Secretion of hormones.
Natural healing of wounds.
Transport of gases to and from the tissues.
Regulation of body temperature.
ix) Three components of blood important in blood clotting are
leucocytes, thrombocytes and fibrinogen
thrombin, fibrinogen and thrombocytes
thromboplastin, thrombocytes and fibrinogen
erythrocytes, leucocytes and thrombocytes.
x) All of the following are suspended in the plasma except......................
A. Red blood cells
B. Platelets
C. Capillaries
D. White blood cells
2. Matching items questions.
LIST A
LIST B
Continous column of water from the roots to the leaves.
Loss of water from the stems in form of droplets.
Transport of food substances from leaves to other parts of plants.
Solution with equal concentration as surrounding regions.
The process that occurs when blood cell gain water and burst.
Prevents back flow of blood into left ventricle.
The clumbing together of blood
The hardening of arteries
Movement of fluid in vessels in large quantities
The difference in concentration of molecules between two regions.
Osmosis
Diffusion gradient
Semi-permeable membrane
Hypotonic solution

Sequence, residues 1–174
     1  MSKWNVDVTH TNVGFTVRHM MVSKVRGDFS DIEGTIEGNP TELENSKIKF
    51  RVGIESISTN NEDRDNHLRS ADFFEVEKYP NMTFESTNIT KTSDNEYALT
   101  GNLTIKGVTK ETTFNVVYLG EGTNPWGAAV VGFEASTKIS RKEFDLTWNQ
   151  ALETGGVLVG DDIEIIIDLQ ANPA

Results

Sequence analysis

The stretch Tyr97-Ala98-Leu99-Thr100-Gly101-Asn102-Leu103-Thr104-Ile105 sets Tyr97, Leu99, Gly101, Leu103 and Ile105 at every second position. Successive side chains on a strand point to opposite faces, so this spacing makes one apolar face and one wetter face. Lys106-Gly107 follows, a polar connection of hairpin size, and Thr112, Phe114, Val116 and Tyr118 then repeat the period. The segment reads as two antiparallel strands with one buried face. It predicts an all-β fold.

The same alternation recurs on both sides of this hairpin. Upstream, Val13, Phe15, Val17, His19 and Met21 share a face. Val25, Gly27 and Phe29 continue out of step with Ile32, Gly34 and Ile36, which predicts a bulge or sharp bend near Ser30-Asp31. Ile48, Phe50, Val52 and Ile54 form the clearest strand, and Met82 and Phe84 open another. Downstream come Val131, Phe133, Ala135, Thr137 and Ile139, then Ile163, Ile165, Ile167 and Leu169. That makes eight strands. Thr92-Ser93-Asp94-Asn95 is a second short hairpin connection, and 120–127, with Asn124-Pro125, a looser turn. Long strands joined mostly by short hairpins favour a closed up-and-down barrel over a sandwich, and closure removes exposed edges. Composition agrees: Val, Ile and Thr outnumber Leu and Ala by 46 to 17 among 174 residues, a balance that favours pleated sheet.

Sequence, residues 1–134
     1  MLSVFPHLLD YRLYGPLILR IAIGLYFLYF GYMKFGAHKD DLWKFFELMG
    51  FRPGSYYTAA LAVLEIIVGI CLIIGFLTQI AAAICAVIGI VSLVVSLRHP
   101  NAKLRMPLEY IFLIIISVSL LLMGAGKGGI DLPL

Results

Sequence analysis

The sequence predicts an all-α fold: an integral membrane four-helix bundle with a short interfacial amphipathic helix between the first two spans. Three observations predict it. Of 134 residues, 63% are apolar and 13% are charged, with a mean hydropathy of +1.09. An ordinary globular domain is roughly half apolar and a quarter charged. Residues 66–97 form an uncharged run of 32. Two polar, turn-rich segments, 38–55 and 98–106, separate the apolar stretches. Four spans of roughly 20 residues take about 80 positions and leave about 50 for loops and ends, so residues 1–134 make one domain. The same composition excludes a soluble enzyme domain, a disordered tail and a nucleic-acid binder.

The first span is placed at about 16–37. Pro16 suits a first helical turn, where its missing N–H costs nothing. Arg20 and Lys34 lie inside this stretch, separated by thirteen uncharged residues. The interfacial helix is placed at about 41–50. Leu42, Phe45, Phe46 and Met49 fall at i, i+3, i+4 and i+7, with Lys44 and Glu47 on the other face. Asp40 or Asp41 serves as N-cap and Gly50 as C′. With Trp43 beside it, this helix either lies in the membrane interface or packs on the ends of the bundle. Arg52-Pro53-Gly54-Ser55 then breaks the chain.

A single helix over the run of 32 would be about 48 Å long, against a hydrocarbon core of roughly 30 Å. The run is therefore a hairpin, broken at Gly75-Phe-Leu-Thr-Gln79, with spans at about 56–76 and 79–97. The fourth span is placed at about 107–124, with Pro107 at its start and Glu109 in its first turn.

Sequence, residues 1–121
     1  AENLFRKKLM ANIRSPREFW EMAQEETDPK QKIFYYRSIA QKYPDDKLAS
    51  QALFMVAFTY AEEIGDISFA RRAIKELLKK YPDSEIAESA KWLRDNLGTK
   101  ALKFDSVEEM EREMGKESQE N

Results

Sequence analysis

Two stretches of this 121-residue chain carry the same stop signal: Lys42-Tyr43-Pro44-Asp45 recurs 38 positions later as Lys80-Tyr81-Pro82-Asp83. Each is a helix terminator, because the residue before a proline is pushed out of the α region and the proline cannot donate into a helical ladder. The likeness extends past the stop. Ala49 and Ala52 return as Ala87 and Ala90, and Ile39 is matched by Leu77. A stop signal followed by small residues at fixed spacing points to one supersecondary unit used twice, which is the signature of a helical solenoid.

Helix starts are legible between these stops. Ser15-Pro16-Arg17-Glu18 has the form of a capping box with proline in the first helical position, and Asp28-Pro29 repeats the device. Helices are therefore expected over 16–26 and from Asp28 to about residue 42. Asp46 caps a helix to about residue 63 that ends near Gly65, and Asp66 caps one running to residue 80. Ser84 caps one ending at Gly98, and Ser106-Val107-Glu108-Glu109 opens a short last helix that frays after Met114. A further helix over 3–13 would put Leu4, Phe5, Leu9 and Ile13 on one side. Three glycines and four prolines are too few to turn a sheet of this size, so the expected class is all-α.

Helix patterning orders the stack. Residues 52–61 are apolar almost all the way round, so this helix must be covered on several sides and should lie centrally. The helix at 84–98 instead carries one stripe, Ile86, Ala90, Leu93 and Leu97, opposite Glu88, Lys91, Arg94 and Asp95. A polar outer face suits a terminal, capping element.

Isotonic solution
Mass flow
Active transport
Translocation
Transport
Guttation
Transpiration
Biscuspid valves
Tricuspid valves
Semi lunar valves
Thrombosis
Arteriocleriosis
Haemolysis
Crenation
Transpiration stream
Transpiration pull


3. Distinguish between the following terms:
Diffusion and osmosis.
Hypertonic solution and hypotonic solution.
Plasmolysis and haemolysis.
Turgor pressure and wall pressure.
Osmotic pressure and osmotic potential.
4. Define the following terms:
Mass flow
Isotonic solution
Deplasmolysis
Turgid
Flaccid
A) What are the factors affecting the rate of osmosis?
Explain the factors that affect the rate of active transport.
A) explain what would happen if;
Spleen and tonsils are removed from the body
Capillaries had thick walls
Left ventricles had thin walls
b) Give reasons why:
i) Small organisms such as amoeba do not need elaborate gaseous exchange system
ii) The left ventricle has a muscular thick wall than the right ventricle
iii) Blood in arteries flows in pulses
A) What is blood transfusion?
b) Explain the considerations to be taken before blood transfusion is carried out.
c) State two functions of mammalian blood other than transport of substances.


A) Define the following terms;
Capillarity
Transpiration pull
Root pressure
Transpiration stream
b) Differentiate between cohesion and adhesion forces.
9. Answer the following questions briefly;
i) Explain four environmental and plant factors that affect the rate of transpiration
ii) Mention and explain factors facilitate the water uptake of water in plants
10 (a) Differentiate between the following terms
Osmosis and diffusion
Hypotonic and hypertonic solution
Passive and active transport.
b) State the role of the following in photosynthesis.
i) water
ii) sunlight
Carbon dioxide